Adding features to a simple clock sketch

Hello,
I have decided to build a simple clock for a school project. Specifically, i plan to build the lite brite clock. If you haven’t seen anything about it it can be seen here; http://www.instructables.com/id/Lite-Brite-LED-clock/ So, as you can see, this user has made a nice write up of the construction, but upon further inspection I see that there is no way to set the time other than reprograming the Arduino.

So, my question is, could anyone help me add the code to set the time with 2 momentary switches or something similar?

Below I attached the “wiring diagram”
The author says that you currently change the time by using the line of code about 6 lines down that says “setTime” I have the rest of the code, but I would assume that this is all you would need.

If you’ve got any more questions let me know. And thanks for the help

#include <Time.h>

int column[]={0,1,2,3,4,5,6,7,8,9,10,11};
int row[] = {14,15,16,17,18};


void setup()
{
  setTime(9,27,0,27,7,2012);

So, my question is, could anyone help me add the code to set the time with 2 momentary switches or something similar?

You need more than two. You need two to move left or right through the series of values - month, day, year, hour, minute, and second - and two to increment or decrement the value of the appropriate variable. Plus, you need one to trigger the "set the time" action and one to trigger the "now, set the time" action. That's 6 by my count. In addition, you'd need some way of knowing what value (month, day. etc.) was being modified, and some way of knowing what the new value will be.

I’m in the middle of something similar, having written a basic clock for ardino as a way of testing a 20x4 LCD.
I concluded that four input buttons < - + > would give a nicer user experience than the minimal + “increase” and > “ok”

I have an extra goal which I wonder whether it would interest you.
Using an extra circuit to go from a MegoOhm safe mains voltage probe to a ±1V ac at an op-amp to arduino compatible +5V while mains is positive and 0V while not, it is possible to trigger an interrupt on pin2 and time the rising zerocrossing of the mains. using a function such as micros().

UK mains has the property of averaging to 50.00 Hz in a 24 hour period, so its average might be useable to keep the internal timekeeping in the arduino about right.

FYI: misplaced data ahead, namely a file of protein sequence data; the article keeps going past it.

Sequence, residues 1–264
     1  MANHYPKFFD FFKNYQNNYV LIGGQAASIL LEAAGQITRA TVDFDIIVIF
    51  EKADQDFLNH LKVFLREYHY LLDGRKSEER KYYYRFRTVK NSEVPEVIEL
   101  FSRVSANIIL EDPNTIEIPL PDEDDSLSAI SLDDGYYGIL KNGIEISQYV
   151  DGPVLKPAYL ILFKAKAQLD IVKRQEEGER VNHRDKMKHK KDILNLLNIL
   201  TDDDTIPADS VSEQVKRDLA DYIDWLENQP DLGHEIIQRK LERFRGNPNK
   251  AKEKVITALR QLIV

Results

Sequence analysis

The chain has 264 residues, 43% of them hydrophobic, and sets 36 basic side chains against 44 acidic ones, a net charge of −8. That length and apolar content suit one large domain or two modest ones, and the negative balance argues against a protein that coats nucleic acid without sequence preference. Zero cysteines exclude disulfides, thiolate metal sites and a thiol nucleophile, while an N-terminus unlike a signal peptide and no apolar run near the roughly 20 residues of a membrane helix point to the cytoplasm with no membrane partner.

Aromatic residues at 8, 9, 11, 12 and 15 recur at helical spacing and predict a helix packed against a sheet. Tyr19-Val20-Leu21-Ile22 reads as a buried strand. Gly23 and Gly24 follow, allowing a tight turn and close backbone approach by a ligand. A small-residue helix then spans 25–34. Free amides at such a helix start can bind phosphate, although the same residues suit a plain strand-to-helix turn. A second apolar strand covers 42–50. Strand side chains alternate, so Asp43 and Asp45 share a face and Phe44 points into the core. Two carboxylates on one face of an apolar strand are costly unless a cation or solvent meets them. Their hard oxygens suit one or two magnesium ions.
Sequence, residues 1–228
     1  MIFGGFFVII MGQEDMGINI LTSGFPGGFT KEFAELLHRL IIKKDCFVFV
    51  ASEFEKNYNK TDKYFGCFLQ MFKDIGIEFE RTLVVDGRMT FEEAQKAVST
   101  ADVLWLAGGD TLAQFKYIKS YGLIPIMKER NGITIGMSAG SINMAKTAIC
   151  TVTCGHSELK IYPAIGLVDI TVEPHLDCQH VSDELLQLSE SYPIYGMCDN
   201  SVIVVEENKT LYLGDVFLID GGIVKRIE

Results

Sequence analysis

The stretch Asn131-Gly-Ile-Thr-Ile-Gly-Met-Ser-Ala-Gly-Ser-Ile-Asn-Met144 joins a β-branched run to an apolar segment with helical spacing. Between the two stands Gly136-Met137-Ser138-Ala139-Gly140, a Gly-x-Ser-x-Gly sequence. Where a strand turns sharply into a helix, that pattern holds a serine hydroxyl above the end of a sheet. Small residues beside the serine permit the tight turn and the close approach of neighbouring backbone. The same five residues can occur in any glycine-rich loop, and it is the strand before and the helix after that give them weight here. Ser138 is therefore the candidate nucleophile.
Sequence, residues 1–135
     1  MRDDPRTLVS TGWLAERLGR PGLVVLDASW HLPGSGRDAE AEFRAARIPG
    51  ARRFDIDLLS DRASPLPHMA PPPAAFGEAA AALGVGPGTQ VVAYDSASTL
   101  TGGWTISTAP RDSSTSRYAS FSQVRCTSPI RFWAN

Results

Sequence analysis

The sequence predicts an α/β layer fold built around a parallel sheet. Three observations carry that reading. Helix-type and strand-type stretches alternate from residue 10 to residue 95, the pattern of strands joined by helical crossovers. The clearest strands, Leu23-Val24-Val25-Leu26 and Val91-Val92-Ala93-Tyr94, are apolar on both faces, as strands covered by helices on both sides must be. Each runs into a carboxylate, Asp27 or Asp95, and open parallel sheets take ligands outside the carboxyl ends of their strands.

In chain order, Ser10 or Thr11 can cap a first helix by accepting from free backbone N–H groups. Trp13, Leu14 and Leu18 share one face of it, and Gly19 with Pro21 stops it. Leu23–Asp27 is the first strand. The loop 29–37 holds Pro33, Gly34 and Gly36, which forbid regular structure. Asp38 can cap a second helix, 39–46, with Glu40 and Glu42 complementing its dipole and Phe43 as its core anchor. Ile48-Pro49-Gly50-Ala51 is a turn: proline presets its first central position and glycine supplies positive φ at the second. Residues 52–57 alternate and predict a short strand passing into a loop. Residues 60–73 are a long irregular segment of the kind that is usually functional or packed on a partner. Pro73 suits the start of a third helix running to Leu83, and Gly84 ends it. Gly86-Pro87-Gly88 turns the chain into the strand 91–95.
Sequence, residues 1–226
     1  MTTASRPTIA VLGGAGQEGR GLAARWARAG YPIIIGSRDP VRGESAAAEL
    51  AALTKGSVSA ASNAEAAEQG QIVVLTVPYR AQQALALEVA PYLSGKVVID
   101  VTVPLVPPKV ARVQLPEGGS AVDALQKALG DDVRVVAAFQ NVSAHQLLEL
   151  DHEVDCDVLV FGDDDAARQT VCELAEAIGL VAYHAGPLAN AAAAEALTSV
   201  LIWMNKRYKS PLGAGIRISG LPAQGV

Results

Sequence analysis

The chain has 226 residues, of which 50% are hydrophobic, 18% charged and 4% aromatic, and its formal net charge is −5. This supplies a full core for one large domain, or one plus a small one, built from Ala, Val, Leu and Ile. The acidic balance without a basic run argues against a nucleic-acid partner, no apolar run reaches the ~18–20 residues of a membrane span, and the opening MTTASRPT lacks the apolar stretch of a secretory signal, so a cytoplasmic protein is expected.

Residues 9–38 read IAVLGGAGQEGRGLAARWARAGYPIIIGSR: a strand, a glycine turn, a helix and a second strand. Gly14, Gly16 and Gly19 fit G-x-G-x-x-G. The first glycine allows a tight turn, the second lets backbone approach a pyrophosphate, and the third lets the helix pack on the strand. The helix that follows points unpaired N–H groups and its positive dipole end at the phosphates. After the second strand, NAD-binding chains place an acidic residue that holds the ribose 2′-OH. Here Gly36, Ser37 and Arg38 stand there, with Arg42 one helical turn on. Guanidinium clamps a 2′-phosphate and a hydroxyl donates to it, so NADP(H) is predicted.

Incidently, such a clock could also be set up to set another digital pin ON while mains is more than average, say 50.1Hz for 40 alarms per day, and/or another pin OFF while mains is slower than average, say 49.9Hz for about 40 alarms per day. That would need at least a relay to switch a demand-managed immersion heater which goes on while there is surplus electricity in the national grid or goes off while there is a shortage of electricity and the power stations are struggling to open the throttle valves.

To have such clock demand-management controllers in use in millions of households would permit more uninterruptable intermittent renewables in the uk generating portfolio because Fdm preferentially uses electricity at the best times according to national F.

For some reason the commercial product suppliers never did this in 20+ years, so getting the standalone clock Fdm controllers out via hobbyists might be the only way.

50 or 60 Hz clock input from Mains use a photocoupler in an AC circuit to input pin.

50 or 60 Hz clock input from Mains use a photocoupler in an AC circuit to input pin.

How are you going to get the current time from that?

Clocks have used the mains to keep time for the last 100 years.

Clocks have used the mains to keep time for the last 100 years.

But not to SET the time.

I quite like that " optocoupler" suggestion, as the cost of an opto-isolator is not more than the op-amp, and its isolated side going directly to an arduino d in pin saves a fair bit of complexity.

The opto-isolators which I found need +-10 to +-20mA to fully conduct on their isolated side. They are four pin devices. So, putting in a plain diode which must be safely rated to block reverse mains, I have up to 320V and want 20mA. About 640kOhm would do; call it about a meg-ohm.

So the improved mains probe is Live-Diode-Megohm-Opto+-Opto-Neutral on the mains side, and Arduino D_input_pin to 2kOhm to opto and opto to arduino ground on the arduino side. The first line of that could be hidden inside a BS1362a mains plug, so that is what I'll do.

Anyone want me to post here when I've made one?

@PaulS I refer to 'ad2049q' comments. I did not say anything about setting the time. Yes, yes, I know that was not the original question, so? About 99.9% of answers on this forum do not answer the original question.

Sorry for the confusion, I do not need the date or seconds. All I'll be using is hours and minutes.

Sorry for the confusion, I do not need the date or seconds.

The setTime() function does. So, you do too.

So I cannot set all of the seconds, day, month, and year values to any number, like 1? I would never know of it because the display is only showing hours and minutes

PaulS, I think you are wrong. Many clocks only have 2 buttons to set the time/date. It can be done by: 1 - using 1 button to enter "set mode"; 2 - using 1 button to go a unit up; 3 - you don't need to go a unit down, because when you reach the last digit (for example 59 in the minutes) you can re-start from the begin again; 4 - using 1 button to pass to the next "variable" that you want to set; 5 - you don't need a button to go to the previous "variable" because if you get wrong in the previous variable you can "exit set mode" and then restart the whole process; 6 - using 1 button to "exit set mode".

So, you don't need buttons 3 and 5, then you get only 4 buttons. But, the buttons 1, 4 and 6 can be the same button. So, you only need 2 buttons: - When you push button 1 you enter the "set mode"; - When you push button 2 you go up one unit; - When you push button 1 you go to the next variable to set; - When in the last variable you press button 1 you exit the "set mode";